giant latticed wooden structure towering over people climbing concrete steps

Admire Plaza Nuevo

As you wander towards the historic centre of the city, take in Plaza Nueva, home to Sevill’es town hall and where you can see an equestrian statue of Fernando III who conquered Seville for the Christians in 1248, and later was declared a saint by the Catholic church in 1671.

The plaza is also home to one of Seville’s Christmas Markets – this one sells lots of local handicrafts like jewellery, fabrics and handbags.

marble statue on a plinth in a leafy square

Visit the Cathedral of Seville​

Properly named as The Cathedral of Saint Mary of the See, everyone calls it Seville Cathedral. This UNESCO World Heritage Site is the largest Gothic cathedral in the world with the vast nave stretching to 42m. Ornate and grand, this masterpiece took over 100 years to build.

Visit the tomb of the great explorer Christopher Columbus, recently proved through DNA testing to be his authentic last resting place, despite claims from other cities and countries. 

Sadly, this is one cathedral you have to pay to enter, unless you go on a Monday when it’s free, but incredibly crowded.

Seville cathedral at sunrise

Climb the Giralda Tower

All that remains of Seville’s ancient mosque is part of its intircate minaret, which is now the cathedral’s Giralda bell tower, another of Seville’s stunning architectural attractions. The name ‘Giralda’ means ‘she who turns’, after the weather vane on top of the tower.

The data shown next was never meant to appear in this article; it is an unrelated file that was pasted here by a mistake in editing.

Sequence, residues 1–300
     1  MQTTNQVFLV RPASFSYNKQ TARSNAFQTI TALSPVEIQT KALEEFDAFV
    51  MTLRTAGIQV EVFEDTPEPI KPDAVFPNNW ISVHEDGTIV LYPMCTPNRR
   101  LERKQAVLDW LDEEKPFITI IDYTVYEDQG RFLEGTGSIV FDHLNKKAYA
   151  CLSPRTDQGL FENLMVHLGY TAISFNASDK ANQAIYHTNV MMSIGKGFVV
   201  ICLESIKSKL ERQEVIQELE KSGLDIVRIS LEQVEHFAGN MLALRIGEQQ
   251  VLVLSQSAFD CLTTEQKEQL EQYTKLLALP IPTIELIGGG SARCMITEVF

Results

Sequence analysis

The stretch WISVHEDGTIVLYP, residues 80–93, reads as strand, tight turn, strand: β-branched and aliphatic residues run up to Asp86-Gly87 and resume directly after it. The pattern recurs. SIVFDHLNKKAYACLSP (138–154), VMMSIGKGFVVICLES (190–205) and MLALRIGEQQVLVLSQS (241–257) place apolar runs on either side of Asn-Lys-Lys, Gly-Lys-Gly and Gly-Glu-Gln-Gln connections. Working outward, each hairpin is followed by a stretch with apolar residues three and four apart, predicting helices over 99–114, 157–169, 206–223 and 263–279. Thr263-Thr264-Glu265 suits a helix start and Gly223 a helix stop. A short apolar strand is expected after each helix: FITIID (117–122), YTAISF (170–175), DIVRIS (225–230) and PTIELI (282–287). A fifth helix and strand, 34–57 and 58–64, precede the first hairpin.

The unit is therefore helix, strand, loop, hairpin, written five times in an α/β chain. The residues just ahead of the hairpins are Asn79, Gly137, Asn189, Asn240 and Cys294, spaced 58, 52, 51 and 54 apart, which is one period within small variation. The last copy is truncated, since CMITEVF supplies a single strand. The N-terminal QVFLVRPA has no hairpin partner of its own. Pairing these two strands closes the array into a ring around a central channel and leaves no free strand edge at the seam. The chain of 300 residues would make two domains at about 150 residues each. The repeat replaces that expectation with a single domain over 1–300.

You can climb the famous 103 metre high bell tower, for spectacular views of the city. Except for the final section, which features stairs, the route to the top is via ramps – apparently, this is so it can be reached on horseback. We hope this means historically!

the giralda tower


Visit the Real Alcazar of Seville

One of the top attractions in Seville, the Royal Alcázar of Seville is a glorious palace in the heart of the ancient city and built on the site of a Muslim fortress, by Castilian Christians after their reconquest of Seville. 

Beautiful patios, courtyards, stunning tiles and mysterious doorways beckon you through this atmospheric building which was used in the filming of Game of Thrones.

The Real Alcázar gardens are a botanists delight, with orange, lemon and pomelo trees hanging heavy with fruit. Fantastic Moorish inspired architecture creates symmetry and interest with arches, pavilions and galleries throughout the gardens. Head to the Patio de Banderas for the best views of the Giralda Tower.

The Royal Alcazar should be at the top of your list of things to see in Seville in one day, the romance and history of the palace are palpable and will set the scene for the rest of your time in the city.